From Volume 6, Issue 14 of EIR Online, Published April 3, 2007
Asia News Digest

Tamil Tiger Air Force Hits Sri Lankan Air Base

Despite a news blackout by Colombo, ground reports indicate that the Tiger Air Force's attack on the Sri Lankan Air Force (SLAF) base at Katunayake, outside the capital, under the cover of night, in the early hours of March 26, had a debilitating effect, according to Tamil Net March 27. The operation, a daring one, was very well planned, since it did not cause any civilian casualties, but did severely damage, if not destroy, at least half of the aircraft of the SLAF.

The attack could be a one-time incident, but when an insurgent or terrorist organization acquires an independent air-strike capability, the task of countering it becomes much more difficult. As it is, Colombo's ability to infiltrate the Tigers is virtually non-existent.

On the other hand, Colombo, boosted by providing a virtual naval base to the United States and access of another port to the Chinese, has become extremely ruthless in dealing with the Tamils. In recent months, since the ceasefire talks collapsed, Colombo has unleashed its army on the areas where the Tamils are in the majority and where Tigers are ensconced. The result has been slaughtering of Tamils, whom Colombo always identifies as "Tamil Tigers."

Mukherjee, in Japan, Calls NPT a 'Fraud' Pact

Addressing a seminar at the Japan Institute of International Affairs (JIIA) in Tokyo on March 27, Indian External Affairs Minister Pranab Mukherjee, who was in Tokyo seeking Japanese support for the Indo-U.S. nuclear deal, told the audience: "India has an impeccable record on non-proliferation. We have also been consistently a leading advocate of the elimination of all nuclear weapons.... If India did not sign the Nuclear Nonproliferation Treaty (NPT), it is not because of its lack of commitment for non-proliferation, but because we consider NPT as a fraud treaty and it did not recognize the need for universal, non-discriminatory verification and treatment," as reported by the Evening Post of Tokyo March 27.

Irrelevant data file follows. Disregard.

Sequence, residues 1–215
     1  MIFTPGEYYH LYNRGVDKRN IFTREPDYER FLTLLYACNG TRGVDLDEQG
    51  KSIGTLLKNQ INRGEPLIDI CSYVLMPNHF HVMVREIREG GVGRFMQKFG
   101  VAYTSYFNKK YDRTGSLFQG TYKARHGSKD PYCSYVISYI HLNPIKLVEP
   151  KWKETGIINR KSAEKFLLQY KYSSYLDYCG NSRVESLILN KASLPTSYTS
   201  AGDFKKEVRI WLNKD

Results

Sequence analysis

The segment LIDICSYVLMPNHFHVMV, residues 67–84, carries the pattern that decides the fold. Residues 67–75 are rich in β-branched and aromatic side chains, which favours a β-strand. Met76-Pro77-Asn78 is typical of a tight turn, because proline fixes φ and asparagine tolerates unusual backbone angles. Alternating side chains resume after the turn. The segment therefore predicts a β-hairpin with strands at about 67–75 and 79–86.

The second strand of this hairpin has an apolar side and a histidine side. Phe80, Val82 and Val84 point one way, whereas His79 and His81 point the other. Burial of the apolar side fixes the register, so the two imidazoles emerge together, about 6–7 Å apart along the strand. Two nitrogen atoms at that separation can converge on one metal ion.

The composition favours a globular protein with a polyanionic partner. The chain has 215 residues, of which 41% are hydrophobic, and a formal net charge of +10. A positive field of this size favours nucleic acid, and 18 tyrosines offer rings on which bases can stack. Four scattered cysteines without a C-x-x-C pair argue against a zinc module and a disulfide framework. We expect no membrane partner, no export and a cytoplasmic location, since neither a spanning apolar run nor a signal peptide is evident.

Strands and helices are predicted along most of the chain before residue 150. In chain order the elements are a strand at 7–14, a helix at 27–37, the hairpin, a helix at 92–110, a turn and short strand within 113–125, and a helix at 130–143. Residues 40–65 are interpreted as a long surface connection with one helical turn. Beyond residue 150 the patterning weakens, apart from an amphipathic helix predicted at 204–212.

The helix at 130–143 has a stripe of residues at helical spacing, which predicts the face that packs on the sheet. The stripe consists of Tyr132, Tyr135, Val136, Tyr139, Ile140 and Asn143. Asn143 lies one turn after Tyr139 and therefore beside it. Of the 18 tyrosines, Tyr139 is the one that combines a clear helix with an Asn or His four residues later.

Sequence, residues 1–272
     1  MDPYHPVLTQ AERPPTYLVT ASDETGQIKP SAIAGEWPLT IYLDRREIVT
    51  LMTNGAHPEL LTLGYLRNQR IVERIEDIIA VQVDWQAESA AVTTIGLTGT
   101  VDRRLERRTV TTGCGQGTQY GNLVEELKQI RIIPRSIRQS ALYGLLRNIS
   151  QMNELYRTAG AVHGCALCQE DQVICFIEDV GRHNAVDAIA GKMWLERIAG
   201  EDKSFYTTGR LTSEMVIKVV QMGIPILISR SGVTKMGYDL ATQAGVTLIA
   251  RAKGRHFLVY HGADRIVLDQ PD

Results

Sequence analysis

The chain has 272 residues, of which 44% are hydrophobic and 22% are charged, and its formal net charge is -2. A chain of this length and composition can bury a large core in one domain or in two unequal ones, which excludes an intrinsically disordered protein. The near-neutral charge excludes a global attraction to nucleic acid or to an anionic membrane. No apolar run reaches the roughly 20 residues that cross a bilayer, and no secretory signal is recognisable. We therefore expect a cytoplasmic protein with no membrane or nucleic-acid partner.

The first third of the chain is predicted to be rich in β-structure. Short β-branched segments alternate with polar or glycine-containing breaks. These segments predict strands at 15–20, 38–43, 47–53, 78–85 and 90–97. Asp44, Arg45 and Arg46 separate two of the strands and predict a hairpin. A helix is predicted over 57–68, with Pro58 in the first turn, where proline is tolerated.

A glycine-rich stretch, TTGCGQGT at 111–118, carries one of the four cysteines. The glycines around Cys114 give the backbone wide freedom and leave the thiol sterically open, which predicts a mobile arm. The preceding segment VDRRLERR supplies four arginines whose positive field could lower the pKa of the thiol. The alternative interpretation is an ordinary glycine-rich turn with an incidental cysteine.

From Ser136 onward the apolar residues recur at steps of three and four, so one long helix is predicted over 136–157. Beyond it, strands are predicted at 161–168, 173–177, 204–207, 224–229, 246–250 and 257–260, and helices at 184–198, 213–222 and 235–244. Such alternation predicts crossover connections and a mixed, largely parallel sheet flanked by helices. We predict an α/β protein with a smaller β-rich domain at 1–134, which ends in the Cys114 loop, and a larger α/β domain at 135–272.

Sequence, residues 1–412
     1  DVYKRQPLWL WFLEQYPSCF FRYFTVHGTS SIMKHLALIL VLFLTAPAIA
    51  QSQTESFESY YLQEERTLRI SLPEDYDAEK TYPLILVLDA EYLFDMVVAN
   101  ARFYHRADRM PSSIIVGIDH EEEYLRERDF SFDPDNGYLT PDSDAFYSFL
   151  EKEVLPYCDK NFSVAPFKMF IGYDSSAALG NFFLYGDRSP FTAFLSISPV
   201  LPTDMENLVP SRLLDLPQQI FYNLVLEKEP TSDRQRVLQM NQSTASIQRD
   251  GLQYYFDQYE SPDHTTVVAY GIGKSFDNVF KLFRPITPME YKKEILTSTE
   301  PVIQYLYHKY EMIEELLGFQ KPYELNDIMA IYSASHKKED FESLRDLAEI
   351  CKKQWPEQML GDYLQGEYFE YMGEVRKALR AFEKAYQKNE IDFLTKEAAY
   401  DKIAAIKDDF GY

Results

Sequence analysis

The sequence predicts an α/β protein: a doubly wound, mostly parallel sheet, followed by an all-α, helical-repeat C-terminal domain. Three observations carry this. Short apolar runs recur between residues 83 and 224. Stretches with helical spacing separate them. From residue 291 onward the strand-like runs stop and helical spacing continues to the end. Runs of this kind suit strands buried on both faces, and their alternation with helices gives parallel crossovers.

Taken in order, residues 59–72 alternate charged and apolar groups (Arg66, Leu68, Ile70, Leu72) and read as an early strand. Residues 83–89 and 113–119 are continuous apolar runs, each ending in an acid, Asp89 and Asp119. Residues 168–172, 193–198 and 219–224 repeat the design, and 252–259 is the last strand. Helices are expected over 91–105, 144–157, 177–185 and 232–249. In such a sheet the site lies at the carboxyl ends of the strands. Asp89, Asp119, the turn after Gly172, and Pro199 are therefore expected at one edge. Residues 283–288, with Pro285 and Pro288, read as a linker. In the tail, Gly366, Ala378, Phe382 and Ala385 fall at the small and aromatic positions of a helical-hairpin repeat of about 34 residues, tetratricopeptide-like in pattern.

India Welcomes Iran in Southeast Asia Group

India has welcomed Iran as an observer in the South Asian Association on Regional Cooperation (SAARC). SAARC consists of seven South Asian nations—Bangladesh, Bhutan, India, Maldives, Nepal, Pakistan, and Sri Lanka—and was set up at the late Prime Minister Rajiv Gandhi's initiative in 1987.

According to India Defence March 20, Indian Foreign Secretary Shivshankar Menon, in welcoming Iran to observer status, noted that Iran's application has been circulated among the SAARC member countries, and will be formalized through a series of meetings in the coming days. As chairman of the SAARC, Menon pointed out, "India likes the idea of more involvement in SAARC by our friend [Iran]." Menon indicated that the SAARC countries are now considering including Afghanistan as a full member-nation, the eighth, in the upcoming summit.

Iran's inclusion as observer in the present situation sends a message, one analyst pointed out. It shows that the South Asian nations, of which India and Pakistan are the most dominant, have taken note of the threat to Iran's sovereignty posed by UN Security Council's resolutions and the hostile postures of Britain and the United States. The announcement to make Iran a part of the SAARC would necessarily mean the South Asian nations' intent to intercede in the present situation.

South Korea Pension Fund To Dive Into Choppy Waters

South Korea's largest public institutional pension fund plans to triple its equity by taking more risks, modelling itself after Calpers in California. Minister of Health and Welfare Rhyu Si Min announced that the pension fund he supervises will be focussing more on overseas assets and stocks, Bloomberg reported March 29. "Domestic bond yields appear to be stabilizing lower, so we must take more risk to increase returns," Rhyu said, adding that the pension fund has not ruled out investing in hedge funds and derivatives.

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